Diameter estimation errors varied across cross section heights and methods; the average RMSE for all cross sections was 1.03 cm for TLS, 1.26 cm for HMLS, and 1.90 cm for CRP method. TLS and CRP reached the lowest RMSE (Figure 8) in the cross section 1.3 m above the ground, while HMLS had its lowest RMSE at the height of 8 m with values of 0.80 cm, 1.67 cm, and 0.60 cm, respectively. The highest TLS RMSE was caused by the overestimation of measured data by circle-fitting algorithms, which are sensitive to noncircular shapes. We assume that the CRP and HMLS methods did not acquire sufficient point density to cover the trunk surface in detail, which would raise the RMSE due to the influence of the irregular shape.

4. Discussion

Forest inventory that is performed with conventional measurement technologies is time-consuming, with a high demand for qualified personnel and many specific forestry-related measuring tools, which leads to high costs of acquired data. At the same time, the data do not include as high level of detail as TLS-, HMLS-, or CRP-based point clouds, or the possibility to repeatedly measure the same variables or correct possible error. James and Quinton [24] claim that HMLS is expected to be approximately six times faster than SfM CRP and 40 times faster compared to TLS. In our case, HMLS showed to be the fastest of all the methods used, but only 2.7 times faster than CRP and 5.3 times faster than TLS. However, our research plot was relatively small (804 m2) and the point cloud generated by CRP was slightly larger. The point clouds from the TLS and HMLS data were a few times larger than the research plot. This article has an experimental character and, at the beginning of an experiment, there are always going to be many questions about how to increase the research performance and minimize time and money consumption. According to our findings, demonstrated in Figure 2, we suggest ways for optimizing the workflow in future field research. On the one hand, a slower walk with HMLS and adding more CRP stations may increase the point density of these devices. On the other hand, the reducing of stations of TLS may decrease the number of points, which would mean that it differs markedly in density from the HMLS and CRP point clouds.
When comparing the data collection time from authors who applied different methods, it is helpful to calculate the area (m2) versus time (min) per surveyor. In this context, HMLS devices (depending on the author) had the best results, from 20 m2 to 277.78 m2 per min. per surveyor [20,22,24,37]. CRP also demonstrated to be a potentially fast data acquisition method, with an area from 30.63 m2 to 136 m2 per min. per surveyor [32]. The TLS data acquisition rate was lower, as in the two previous methods (0.85–72.46 m2 per min. per surveyor) [20,22]. Data acquisition time is directly related to the costs of the acquired data and it is also necessary to take into account the acquisition costs of the device. Therefore, it is necessary to prepare a precise plan of the potential use of data which corresponds with application of an appropriate device and methods accordingly.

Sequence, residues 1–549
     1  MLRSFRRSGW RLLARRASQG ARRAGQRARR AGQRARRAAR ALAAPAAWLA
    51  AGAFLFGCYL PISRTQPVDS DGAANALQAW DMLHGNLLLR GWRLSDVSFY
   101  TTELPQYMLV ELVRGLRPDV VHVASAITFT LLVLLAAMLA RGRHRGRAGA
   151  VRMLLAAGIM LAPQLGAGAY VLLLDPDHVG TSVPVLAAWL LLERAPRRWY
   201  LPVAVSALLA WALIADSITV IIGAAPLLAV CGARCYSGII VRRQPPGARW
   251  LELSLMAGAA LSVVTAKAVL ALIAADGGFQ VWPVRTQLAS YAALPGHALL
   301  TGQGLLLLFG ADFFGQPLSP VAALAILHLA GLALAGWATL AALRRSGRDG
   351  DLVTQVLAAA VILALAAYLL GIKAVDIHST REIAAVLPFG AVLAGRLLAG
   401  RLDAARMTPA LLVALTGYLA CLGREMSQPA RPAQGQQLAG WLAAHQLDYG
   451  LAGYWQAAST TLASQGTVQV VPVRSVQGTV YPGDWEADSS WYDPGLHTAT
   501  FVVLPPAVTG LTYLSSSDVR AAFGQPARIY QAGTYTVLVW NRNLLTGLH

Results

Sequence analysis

Diameter at breast height is one of the most important variables for forestry; therefore, it is often estimated from point clouds created by different data acquisition methods. Before the process of DBH estimation itself, it is important to identify trees in the research plot. Low DBH estimation error will be useless for forest inventory if only a small percentage of trees is identified. The number of trees identified varies across studies, ranging from 76% identified by CRP [29] up to 100% identified by multi-scan TLS [12,38] or HMLS [39].
In our study, the diameters at breast height but also the diameters estimated at different heights, were underestimated, except the diameters at 0.3 m with TLS and 7 m and 8 m with HMLS. On average, DBH estimated by a circle-fitting method was underestimated by 0.63 cm, 1.57 cm, and 1.11 cm with TLS, HMLS, and CRP, respectively, which is in line with our previous experience. DBH underestimation is also common for other authors when using the circle-fitting algorithms. Koreň et al. [36] compared five circle-fitting methods in both single-scan and multi-scan approaches and, in nine out of 10 cases, the diameters were underestimated. Similarly underestimated results were reported for three different circle-fitting methods with the MLS approach by Čerňava et al. [40], for three different research plots with the TLS approach by Cabo et al. [38], and for four different image-shooting methods with CRP by Mokroš et al. [32].
Relatively good DBH estimation RMS errors were acquired by the authors focused on the estimation of single tree parameters’ the RMSE of DBH estimation from CRP was 0.59 cm [28] or 0.96 cm [27]. For TLS point cloud and simulated diameter tape path on the tree, an RMSE of 0.09 cm was acquired by You et al. [41]. The estimated RMS errors on the plot-level typically produce higher values of RMSE, e.g., 4.41–5.98 cm [9] or 7.2 cm [29] by CRP, 2.65–5.57 cm by MLS [40], 1.58–1.65 cm by HMLS [37,39], and 0.77–4.27 cm by TLS [12,36]. Comparison of the mentioned publications is hard, because there are many differences in terms of the materials and methods used; therefore, it is always necessary to learn about the specific workflow and keep differences in mind when comparing results.